Charlamagne Tha God Tells CNN Anchor No, Black People Won’t Sympathize With Donald Trump Being Jailed | Video

“He’s not someone who died unjustly at the hands of the police. He is a privileged former president who broke the law and he got held accountable,” the radio host responds

On Saturday, Charlamagne Tha God again disputed claims that roughly 22% of Black voters in the U.S. will vote for Donald Trump in November. He told CNN’s Michael Smerconish that the same voters aren’t supporting Trump because of his numerous federal cases — an assertion that is racist in and of itself. “Black people are not monolithic, so I can’t speak for all Black people,” he said, “But personally, I don’t agree.”

“Donald Trump is not a political prisoner,” the radio host and author continued. “He’s not someone who died unjustly at the hands of the police. He’s a privileged former president who broke the law. And he got held accountable for it, and that’s the way it should be.”

Smerconish then asked if there has been a “rise of support for Trump and Trump’s legal issues” — an idea Charlamagne previously laid to rest while speaking with Megyn Kelly. “I don’t even know if there’s really a rise,” he said. “I think some of those polls might be a little bit overstated. I mean, we’re going to have to see come November, but when I look at those numbers and I see people say 22% of all black people are going to vote for Donald Trump — I don’t necessarily believe that.”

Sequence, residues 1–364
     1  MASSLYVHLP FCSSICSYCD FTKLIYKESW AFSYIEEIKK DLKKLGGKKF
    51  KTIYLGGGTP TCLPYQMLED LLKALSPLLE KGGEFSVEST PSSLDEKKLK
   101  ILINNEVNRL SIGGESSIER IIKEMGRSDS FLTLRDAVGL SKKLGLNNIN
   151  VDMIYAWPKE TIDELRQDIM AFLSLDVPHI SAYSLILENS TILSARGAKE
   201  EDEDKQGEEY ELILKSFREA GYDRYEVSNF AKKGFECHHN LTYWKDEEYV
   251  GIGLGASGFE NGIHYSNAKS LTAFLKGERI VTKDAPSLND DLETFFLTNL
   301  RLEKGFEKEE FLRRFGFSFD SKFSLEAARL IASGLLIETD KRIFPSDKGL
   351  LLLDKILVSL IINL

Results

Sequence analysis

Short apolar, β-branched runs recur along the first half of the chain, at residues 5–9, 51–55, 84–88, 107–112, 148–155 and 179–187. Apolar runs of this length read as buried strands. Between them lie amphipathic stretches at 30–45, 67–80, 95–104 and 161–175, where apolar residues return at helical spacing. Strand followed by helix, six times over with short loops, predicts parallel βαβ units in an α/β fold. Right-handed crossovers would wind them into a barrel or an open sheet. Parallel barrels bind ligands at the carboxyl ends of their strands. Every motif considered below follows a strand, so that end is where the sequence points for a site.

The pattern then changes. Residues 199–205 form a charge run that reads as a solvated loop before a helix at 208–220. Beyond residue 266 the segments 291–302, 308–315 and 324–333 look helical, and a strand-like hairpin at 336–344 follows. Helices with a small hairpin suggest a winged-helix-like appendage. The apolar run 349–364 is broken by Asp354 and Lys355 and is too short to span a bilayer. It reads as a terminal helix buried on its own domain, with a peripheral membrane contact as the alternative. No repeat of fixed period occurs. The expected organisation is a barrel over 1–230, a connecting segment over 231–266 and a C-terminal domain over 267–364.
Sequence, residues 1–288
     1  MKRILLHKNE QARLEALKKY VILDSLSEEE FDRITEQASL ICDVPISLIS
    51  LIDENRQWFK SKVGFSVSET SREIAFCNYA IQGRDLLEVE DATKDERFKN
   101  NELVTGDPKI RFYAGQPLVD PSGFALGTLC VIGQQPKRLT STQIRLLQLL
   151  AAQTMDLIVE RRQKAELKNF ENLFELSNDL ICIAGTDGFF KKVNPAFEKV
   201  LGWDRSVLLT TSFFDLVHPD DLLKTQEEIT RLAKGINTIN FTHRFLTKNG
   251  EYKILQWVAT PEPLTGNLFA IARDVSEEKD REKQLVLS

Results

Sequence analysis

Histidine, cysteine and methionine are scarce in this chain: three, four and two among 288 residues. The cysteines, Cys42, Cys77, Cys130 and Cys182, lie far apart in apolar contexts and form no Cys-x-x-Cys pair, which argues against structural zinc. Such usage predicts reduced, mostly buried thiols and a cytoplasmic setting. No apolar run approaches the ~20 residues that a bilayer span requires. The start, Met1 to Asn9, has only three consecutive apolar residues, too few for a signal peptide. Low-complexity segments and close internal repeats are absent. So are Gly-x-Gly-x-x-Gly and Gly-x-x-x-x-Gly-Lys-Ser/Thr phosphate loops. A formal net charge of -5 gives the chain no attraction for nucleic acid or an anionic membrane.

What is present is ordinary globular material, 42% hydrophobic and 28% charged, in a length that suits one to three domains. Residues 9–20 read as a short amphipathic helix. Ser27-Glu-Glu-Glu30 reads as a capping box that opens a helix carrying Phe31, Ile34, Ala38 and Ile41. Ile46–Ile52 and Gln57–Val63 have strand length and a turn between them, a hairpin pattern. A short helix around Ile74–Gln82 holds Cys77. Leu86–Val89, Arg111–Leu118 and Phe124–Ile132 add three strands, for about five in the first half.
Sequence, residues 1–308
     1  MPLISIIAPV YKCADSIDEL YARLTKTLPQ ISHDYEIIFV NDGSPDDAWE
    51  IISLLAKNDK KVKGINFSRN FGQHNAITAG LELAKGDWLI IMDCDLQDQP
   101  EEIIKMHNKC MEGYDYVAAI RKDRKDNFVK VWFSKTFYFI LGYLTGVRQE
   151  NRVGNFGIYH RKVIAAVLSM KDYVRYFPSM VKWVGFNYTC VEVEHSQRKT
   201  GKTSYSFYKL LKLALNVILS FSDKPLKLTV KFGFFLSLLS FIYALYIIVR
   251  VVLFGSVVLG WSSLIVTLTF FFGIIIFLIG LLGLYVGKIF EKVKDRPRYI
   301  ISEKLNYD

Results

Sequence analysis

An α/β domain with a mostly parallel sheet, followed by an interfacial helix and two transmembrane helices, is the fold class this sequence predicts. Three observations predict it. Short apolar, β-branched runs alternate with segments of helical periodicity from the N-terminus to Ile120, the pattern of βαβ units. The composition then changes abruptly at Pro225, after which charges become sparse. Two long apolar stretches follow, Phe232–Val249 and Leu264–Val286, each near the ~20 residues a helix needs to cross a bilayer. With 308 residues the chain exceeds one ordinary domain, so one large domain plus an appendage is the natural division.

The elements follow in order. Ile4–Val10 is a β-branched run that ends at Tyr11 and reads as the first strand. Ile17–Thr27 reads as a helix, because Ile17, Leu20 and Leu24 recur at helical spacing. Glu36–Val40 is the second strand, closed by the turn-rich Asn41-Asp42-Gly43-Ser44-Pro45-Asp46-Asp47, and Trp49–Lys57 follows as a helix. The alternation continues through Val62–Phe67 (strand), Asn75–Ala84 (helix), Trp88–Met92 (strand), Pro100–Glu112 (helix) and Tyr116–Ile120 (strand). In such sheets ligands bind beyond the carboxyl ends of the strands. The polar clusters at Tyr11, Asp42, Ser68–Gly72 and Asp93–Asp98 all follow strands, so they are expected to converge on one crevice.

The pair also discussed their shared love for the 1998 Warren Beatty movie “Bulworth,” a dark comedy about a senator in crisis who opens up and shoots from the hip — while also embracing a stereotypical hip-hop lifestyle. Smerconish suggested that Trump is like Bulworth, to which Charlamagne agreed.

“Yeah, I think that you know one thing that Donald Trump did, that I believe is a good thing is, you know, he killed the language of politics — the language of politics is dead,” Charlamagne explained.

“So you know if you had these politicians who actually sat down with everyday working class people and had conversations with everyday working class people — I mean, that’s what I get to do every morning on ‘The Breakfast Club,’ that’s what I get to do when I’m out doing my community work, whether it’s in South Carolina, whether it’s in New Jersey, whether it’s in New York — when you get to actually talk to people and see what’s on people’s minds, when you get in front of those microphones, you’ll always have that in your head.”

In other words, he continued, “my rhetoric comes from the people, and that’s what happened in the movie.” Elected officials “need to sit down and have more conversations with individuals.”

Watch the interview with Charlamagne Tha God in the video above.


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